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How Eating Disorders Begin - By Chris Gearing

Wednesday, February 20, 2013

Watch Dr. Sylvia Gearing describe how eating disorders begin and what you should watch out for - click here.

Eating disorders are a tenacious mental health disorder that can be highly lethal if left unaddressed.

The disorder usually begins in adolescence and can last a lifetime. Current researchers recognize that the earlier the eating disorder develops, the more serious and stubborn the condition.

Society’s Message of Perfection:

One of the chief reasons that eating disorders persist is that our society continues to value being thin as a desirable characteristic, for women especially. Others who view the decreased weight as a sign of self-discipline or ambition tend to reward very thin people, often unintentionally. When the social environment is so reinforcing, the young man or woman learns to focus on external approval of appearance rather than creating a more mature, internally derived sense of self.

At a Young Age:

Another reason that eating disorders persist is that they often occur at such a young age. According to authors, Dr. James Lock and Dr. Daniel Le Grange, most cases of anorexia begin between the ages of 13 and 14 but can occur as young as 8 years old. The authors emphasize that the eating disorder usually begins casually with dieting. The progressive elimination of foods leads to pronounced weight loss and social approval, which reinforces the potentially malignant eating habits. Once firmly entrenched, the eating disorder can begin to disrupt a young person’s life with stress. Over the years, it will come and go at times of peak anxiety and challenge.

Thin Equals Power:

Tragically, weight becomes a scorecard of adequacy and many women equate being excessively thin with being in control and powerful in their own lives. The eating disorder is likely to linger into young adulthood especially if there has not been a strategic intervention by parents and psychologists. During this pivotal time, stressors that should be handled with healthy coping skills are dealt with through weight and rigid eating habits. Young men and women do not learn the coping skills required for handling food competently and for living a mature life. Instead, they are defeating stress and adversity through the eating disorder. Developmentally, they are not progressing as their same age peers and may continue to act out with food for years.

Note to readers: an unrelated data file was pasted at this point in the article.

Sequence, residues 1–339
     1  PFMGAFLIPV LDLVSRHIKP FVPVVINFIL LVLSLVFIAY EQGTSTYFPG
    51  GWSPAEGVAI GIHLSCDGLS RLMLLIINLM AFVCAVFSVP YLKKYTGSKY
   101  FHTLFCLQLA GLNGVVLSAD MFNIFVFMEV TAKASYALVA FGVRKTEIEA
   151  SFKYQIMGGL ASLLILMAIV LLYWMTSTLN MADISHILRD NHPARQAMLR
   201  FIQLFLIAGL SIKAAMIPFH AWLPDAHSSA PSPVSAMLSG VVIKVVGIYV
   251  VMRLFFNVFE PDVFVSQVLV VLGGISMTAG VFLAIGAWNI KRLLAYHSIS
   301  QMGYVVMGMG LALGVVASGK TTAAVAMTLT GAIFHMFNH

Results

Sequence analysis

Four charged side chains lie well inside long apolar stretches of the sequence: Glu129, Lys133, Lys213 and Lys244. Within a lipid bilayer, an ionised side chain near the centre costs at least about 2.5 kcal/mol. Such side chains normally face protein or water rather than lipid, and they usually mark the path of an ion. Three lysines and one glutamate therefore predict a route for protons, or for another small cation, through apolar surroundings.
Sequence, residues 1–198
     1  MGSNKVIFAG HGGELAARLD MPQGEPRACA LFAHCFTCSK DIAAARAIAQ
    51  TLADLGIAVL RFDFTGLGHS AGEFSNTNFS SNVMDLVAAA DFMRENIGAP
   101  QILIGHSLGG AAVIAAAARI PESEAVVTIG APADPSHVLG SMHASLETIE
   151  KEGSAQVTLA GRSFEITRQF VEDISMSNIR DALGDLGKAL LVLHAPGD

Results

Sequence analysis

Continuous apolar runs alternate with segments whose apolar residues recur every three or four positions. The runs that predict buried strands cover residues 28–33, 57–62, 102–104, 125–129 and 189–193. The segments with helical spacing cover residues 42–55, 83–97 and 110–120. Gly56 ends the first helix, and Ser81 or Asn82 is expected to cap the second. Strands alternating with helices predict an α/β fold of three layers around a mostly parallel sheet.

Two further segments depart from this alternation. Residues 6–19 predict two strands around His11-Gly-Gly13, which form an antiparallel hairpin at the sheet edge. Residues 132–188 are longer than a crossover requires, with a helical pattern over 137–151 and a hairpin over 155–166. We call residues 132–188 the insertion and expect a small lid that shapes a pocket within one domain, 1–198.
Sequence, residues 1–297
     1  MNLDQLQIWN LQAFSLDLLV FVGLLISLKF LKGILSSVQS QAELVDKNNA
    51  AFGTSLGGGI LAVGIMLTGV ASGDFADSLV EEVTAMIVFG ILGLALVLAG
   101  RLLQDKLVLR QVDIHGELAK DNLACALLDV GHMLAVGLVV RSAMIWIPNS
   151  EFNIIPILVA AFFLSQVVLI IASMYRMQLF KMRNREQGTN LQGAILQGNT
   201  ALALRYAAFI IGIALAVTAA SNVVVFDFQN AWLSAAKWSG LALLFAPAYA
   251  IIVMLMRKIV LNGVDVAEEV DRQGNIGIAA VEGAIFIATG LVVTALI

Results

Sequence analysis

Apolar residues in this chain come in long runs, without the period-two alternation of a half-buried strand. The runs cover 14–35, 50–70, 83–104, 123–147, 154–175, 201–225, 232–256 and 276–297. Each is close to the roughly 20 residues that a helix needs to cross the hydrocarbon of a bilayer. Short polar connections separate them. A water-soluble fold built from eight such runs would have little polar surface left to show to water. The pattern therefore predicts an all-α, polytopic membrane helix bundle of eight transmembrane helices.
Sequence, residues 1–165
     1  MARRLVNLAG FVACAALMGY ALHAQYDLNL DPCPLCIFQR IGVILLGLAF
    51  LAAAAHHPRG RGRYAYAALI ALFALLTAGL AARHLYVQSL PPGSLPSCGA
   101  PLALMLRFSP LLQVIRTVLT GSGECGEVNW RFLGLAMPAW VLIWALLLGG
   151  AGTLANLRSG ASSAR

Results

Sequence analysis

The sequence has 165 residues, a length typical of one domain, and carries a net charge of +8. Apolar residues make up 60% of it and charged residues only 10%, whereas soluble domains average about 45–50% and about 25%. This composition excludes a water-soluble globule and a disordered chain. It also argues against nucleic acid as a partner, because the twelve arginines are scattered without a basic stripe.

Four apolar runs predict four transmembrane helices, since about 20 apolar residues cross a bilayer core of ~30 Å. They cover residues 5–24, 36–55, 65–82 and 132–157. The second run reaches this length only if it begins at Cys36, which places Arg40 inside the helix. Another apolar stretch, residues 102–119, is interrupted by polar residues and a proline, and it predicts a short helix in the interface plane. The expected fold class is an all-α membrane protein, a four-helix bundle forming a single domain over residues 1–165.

Older Women Also Affected:

Eating disorders are not only an affliction of the young. Current estimates of eating disorders in older women indicate that it is on the rise with up to 13% of older women reporting an eating disorder. The International Journal of Eating Disorders reports that 13% of women ages 50 and older stuggle with the problem and that the eating disorder may be a new phenomenon in older women. According to the author, Dr. Cindy Bulik, 79% of the women polled reported that their shape and weight affected how they viewed themselves.

Eating disorders are very serious conditions, and they can even be lethal. If you think you or someone you know may have an eating disorder, please seek the assistance of a clinical psychologist.

Sources:

National Institute of Mental Health (www.nimh.nih.gov)

The work of Dr Christopher Fairburn


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